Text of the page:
Business Improvement Districts - BIDs
A Facebook page has been created to facilitate the exchange of news and information of interest to BID managers, their Boards, and interested parties. Stay informed by liking "Wisconsin Business Improvement Districts - BIDs". Like the Wisconsin BIDs Facebook page.
Wisconsin Act 184, signed into law in 1984, gives Wisconsin municipalities (i.e., cities, villages and towns) the power to establish one or more Business Improvement Districts within their community and an assessment methodology that allows business properties within that geographic area to contribute to programs aimed at promotion, management, maintenance and development of that district. BID assessments are restricted to commercial and industrial properties subject to real estate tax. Tax-exempt properties (i.e., religious, public utility, or government properties) or those used exclusively as residences cannot be included in the assessment district.
The University of Wisconsin-Extension (UWEX), through its statewide network of county-based UWEX educators, is a leader in helping Wisconsin communities examine and evaluate how Business Improvement Districts (BIDs) can support their economic development plans. Read more about UW-Extension's BID education work. ( PDF, 152 kb)
Educational Support Materials
LGC Fact Sheet #9: Wisconsin Business Improvement Districts - BIDs ( PDF, 188 kb)
Frequently Asked Questions (FAQs)
Related Educational Programs
Since 2003, UW-Extension's Local Government Center has helped coordinate and offer a series of annual programs aimed at educating Business Improvement District managers, their Board members and interested parties about BID operations and programming. View seminar dates.
Becker, Carol. 2008. Government without Government: Alternatives to Market and Government Failure. Hamline University Doctorate Dissertation. ( PDF, 1.1 Mb)
Downtown Research and Development Center. 2013. Business Improvement Districts: Financing Downtown Growth. Available from the Center's webpage for $29.95. This publication offers a useful structure for starting a BID, with a particular emphasis on drawing in private sector leadership and face-to-face contact. The article focuses on the steps needed to take prior to BID approval, including determining if a BID is useful for the area, gaining neighborhood support, and planning and executing a vision and budget. While there are few Wisconsin specific examples, the author offers clear examples and a strong distinction between the services, programming, and outcomes of large and small BIDs.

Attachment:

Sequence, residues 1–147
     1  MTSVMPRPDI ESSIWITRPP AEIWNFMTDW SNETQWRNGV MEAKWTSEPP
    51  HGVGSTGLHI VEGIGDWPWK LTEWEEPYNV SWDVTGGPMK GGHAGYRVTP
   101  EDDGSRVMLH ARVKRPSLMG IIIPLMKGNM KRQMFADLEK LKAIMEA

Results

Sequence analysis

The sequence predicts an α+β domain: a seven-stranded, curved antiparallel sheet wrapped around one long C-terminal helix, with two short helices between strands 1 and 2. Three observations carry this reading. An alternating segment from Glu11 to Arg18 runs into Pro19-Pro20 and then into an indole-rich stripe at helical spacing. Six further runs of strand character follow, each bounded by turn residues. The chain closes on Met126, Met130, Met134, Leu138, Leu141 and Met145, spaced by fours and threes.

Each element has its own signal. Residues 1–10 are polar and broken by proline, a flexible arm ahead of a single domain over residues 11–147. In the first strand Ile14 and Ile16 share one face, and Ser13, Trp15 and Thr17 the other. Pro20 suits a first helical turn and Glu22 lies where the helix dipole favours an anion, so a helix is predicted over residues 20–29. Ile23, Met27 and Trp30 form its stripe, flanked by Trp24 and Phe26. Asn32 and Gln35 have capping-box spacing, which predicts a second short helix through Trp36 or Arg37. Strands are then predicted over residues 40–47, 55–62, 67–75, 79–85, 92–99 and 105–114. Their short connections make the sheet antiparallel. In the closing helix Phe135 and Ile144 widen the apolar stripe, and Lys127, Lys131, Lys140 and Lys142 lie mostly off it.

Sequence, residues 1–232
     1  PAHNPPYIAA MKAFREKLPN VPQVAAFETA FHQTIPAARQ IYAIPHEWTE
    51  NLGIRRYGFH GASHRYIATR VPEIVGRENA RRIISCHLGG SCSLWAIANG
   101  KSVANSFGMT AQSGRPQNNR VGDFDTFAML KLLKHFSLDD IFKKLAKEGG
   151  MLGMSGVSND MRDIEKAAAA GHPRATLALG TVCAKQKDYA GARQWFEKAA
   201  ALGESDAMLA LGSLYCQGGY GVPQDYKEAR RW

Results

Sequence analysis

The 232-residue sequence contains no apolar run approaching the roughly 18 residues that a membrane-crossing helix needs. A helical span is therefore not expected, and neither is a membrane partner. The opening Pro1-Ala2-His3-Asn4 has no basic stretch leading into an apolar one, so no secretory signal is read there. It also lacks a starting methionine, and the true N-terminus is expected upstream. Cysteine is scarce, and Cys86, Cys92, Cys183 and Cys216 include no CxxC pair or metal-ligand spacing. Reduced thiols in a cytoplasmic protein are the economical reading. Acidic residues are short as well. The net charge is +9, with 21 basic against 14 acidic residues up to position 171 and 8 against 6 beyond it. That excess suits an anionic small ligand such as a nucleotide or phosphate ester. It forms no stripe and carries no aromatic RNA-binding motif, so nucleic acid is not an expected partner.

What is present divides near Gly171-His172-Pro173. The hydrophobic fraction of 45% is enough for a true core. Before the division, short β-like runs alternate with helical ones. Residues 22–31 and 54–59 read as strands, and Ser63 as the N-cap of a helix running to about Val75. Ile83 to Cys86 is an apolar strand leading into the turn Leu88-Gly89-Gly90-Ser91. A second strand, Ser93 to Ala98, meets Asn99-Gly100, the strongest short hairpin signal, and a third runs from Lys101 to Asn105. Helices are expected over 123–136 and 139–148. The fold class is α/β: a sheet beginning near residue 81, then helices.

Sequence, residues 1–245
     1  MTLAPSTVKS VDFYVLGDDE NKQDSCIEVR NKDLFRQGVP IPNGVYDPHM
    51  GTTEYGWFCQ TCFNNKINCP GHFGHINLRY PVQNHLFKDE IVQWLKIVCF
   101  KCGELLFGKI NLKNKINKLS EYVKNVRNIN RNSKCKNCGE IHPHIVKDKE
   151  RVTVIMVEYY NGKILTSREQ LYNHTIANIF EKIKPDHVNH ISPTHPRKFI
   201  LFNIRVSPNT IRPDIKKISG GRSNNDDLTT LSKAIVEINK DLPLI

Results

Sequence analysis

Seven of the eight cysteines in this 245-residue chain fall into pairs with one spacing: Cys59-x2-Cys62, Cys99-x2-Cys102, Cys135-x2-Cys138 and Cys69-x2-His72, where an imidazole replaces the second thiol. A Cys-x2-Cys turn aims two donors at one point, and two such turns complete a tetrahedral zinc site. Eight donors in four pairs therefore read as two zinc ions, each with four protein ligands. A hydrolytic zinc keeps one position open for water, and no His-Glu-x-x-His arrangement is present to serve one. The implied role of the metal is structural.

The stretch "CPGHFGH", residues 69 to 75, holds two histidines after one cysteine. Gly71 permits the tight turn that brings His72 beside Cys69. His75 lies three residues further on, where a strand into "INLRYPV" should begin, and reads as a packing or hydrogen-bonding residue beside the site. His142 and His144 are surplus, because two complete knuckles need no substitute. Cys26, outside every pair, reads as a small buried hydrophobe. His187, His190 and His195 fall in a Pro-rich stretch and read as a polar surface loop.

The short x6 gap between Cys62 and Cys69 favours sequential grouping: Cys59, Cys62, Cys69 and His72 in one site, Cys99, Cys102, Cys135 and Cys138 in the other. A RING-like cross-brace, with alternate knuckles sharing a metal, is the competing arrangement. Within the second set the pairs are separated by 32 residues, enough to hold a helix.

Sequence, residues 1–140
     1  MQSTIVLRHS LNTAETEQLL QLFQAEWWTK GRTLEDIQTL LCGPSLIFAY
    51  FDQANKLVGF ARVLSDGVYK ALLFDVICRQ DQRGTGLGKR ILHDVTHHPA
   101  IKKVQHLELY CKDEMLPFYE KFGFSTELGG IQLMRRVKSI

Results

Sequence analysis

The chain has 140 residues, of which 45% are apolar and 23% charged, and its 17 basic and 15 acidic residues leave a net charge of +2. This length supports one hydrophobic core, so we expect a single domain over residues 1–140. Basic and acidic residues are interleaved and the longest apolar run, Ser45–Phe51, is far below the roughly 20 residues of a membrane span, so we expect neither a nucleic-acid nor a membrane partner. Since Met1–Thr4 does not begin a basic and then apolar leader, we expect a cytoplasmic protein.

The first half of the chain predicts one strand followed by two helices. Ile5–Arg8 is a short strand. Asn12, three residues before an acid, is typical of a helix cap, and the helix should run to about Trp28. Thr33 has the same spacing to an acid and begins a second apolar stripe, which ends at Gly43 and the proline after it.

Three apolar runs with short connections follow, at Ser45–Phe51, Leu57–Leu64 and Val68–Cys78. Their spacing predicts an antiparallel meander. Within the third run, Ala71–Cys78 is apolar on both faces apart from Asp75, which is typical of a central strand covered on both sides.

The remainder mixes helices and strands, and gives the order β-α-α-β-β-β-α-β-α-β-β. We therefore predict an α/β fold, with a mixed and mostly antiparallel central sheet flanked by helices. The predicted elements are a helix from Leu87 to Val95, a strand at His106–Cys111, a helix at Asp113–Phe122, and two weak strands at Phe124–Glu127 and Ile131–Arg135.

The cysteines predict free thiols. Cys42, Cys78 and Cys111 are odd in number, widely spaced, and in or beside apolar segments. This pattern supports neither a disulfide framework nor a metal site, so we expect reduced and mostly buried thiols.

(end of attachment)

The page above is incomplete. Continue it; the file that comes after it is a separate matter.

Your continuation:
Law, Charles. 1992. BIDs in Wisconsin: An Interim Report. In Action News - Newsletter of the Wisconsin Downtown Action Council. June/July. ( PDF, 976 kb)
Law, Chuck. 2001. Business Improvement District (BID) Development in Wisconsin. In Let's Talk Business: Ideas for Expanding Retail and Services in Your Community. Madison, WI: Center for Community Economic Development, University of Wisconsin-Extension, Issue 55. March. ( PDF, 148 kb)
Mitchell, Jerry. 1999. Business Improvement Districts and Innovative Service Delivery. Arlington, VA: PricewaterhouseCoopers Endowment for the Business of Government, 32 p. ( PDF, 152 kb)
Mitchell, Jerry. 2008. Business Improvement Districts and the Shape of American Cities. State University of New York Press.
Below are several related Internet Resources that may be of interest. The University of Wisconsin-Extension assumes no responsibility for the quality or integrity of the sites listed. The viewpoints and opinions expressed do not necessarily represent those of UWEX.
Wisconsin BID Websites and Operating Plans
Appleton Downtown Inc.
If you have any questions or comments about the Wisconsin Business Improvement District web page, e-mail Chuck Law (firstname.lastname@example.org).
This page last modified: October 27, 2015
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